McHendricks survived the Battle of Brooklyn. On April 19, 1777, he reenlisted in the Second Maryland Regiment, for a three-year term, as a private.  During this time, he would have at the battles of Brandywine (1777), Germantown (1777) and White Marsh (1777).
McHendricks served as a private, including during his sickness in January 1778 and duties on guard, until the mid-summer of 1778.  In July, he was promoted to corporal, a position he served in until January 10, 1780.  As a corporal, he likely fought at the battle of Monmouth (1778).
Corporals, like McHendricks, had important roles in the Maryland Line. As a non-commissioned officer, Mitchel would have shouldered some of the responsibility for ensuring order and discipline among the Hardman's company in camp and on the battlefield. In 1779, discipliner of the Continental Army, Frederick Von Stueben wrote that corporals were to instruct their troops, keep order in their regiments, including breaking up disagreements between soldiers, and taking roll call every morning.  If corporals fell down on their tasks, they were to be "severly punished."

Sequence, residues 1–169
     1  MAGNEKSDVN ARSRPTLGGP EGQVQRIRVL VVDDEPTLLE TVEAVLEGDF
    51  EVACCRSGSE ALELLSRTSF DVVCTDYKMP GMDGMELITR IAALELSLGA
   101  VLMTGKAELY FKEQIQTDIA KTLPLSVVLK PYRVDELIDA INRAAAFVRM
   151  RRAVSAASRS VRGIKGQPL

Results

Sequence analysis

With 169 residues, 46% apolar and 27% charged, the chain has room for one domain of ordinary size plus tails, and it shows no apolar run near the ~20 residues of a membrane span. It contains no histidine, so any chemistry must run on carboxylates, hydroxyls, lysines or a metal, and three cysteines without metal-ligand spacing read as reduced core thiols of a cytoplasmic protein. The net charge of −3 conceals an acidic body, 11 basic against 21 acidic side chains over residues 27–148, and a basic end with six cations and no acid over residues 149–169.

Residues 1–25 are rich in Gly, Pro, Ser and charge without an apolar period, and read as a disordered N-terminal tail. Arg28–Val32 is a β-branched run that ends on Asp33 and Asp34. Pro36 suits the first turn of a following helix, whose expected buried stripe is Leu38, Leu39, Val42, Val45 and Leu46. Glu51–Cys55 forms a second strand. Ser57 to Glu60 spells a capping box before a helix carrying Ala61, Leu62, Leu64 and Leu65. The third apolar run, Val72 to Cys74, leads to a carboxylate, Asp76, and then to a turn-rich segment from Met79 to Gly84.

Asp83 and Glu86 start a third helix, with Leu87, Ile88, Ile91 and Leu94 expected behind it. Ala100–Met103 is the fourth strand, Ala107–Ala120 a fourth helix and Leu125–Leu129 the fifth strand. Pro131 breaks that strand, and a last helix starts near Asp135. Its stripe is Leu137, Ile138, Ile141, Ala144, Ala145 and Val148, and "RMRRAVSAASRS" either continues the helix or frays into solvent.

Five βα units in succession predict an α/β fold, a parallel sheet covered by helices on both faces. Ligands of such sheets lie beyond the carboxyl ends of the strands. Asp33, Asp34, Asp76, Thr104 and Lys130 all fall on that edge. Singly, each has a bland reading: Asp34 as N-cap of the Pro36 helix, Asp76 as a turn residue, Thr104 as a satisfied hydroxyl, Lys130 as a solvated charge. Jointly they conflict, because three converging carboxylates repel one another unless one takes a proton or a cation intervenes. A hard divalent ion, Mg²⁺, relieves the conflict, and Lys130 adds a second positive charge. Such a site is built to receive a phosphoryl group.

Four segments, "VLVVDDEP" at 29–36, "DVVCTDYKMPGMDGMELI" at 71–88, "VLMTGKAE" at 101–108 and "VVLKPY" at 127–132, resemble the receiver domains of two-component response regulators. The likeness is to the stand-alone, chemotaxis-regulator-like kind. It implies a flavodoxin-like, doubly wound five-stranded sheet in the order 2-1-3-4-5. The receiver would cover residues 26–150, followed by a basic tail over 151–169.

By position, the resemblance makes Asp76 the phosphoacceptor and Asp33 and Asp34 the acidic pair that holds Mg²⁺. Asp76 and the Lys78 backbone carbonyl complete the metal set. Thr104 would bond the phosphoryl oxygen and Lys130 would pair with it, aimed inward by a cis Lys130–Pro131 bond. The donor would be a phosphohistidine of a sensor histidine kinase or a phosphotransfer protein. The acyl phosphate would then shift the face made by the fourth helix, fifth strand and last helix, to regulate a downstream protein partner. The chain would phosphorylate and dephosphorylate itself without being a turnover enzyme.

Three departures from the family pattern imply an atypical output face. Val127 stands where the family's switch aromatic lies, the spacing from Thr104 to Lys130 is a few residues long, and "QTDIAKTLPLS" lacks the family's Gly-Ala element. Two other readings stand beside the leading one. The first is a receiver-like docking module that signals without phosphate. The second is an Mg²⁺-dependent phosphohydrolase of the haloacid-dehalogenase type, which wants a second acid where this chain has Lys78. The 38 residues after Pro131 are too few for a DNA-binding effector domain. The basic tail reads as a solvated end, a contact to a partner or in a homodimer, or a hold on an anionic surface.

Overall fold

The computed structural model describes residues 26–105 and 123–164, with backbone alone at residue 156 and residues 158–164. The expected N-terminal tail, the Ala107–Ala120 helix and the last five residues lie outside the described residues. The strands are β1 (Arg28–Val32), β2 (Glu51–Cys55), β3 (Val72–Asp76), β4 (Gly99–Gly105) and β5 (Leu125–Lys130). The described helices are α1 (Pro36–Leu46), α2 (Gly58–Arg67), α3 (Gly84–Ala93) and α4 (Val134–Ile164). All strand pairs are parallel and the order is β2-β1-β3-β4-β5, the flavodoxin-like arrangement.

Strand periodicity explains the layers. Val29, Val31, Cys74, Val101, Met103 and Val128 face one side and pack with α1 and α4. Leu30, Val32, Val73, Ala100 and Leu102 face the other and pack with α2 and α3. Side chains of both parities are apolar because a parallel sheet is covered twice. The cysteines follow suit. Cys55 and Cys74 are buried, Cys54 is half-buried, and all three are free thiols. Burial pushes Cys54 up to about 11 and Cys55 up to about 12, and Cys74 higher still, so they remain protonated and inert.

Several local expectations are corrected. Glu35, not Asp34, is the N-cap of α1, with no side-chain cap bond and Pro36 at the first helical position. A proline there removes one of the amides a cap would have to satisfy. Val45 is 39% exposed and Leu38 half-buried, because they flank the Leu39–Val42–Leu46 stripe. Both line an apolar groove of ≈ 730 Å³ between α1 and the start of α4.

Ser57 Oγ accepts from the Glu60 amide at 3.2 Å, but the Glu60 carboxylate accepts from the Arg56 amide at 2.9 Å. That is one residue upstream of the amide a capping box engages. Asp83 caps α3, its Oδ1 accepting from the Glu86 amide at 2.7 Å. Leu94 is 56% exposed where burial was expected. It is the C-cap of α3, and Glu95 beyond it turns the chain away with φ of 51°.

His life after the Revolutionary War is partially known. Sometime after 1780, he moved to the Christana Hundred area of New Castle County, Delaware.  Sometime around January 25, 1783, at age 29, he died, with two family members, Hannah McHendricks and Patrick McBride, serving as administrators of his estate.  Nothing else is known.
- Burkely Hermann, Maryland Society of the Sons of American Revolution Research Fellow, 2016.
 Descriptions of men in Capt. Edward Veazey’s Independent Comp, 1776, Maryland State Papers, Revolutionary Papers, MdHR 19970-15-36/01 [MSA S997-15-36, 1/7/3/13]. His last name is also spelled McHendry. McKendricks, McHendrix, and McHenderson.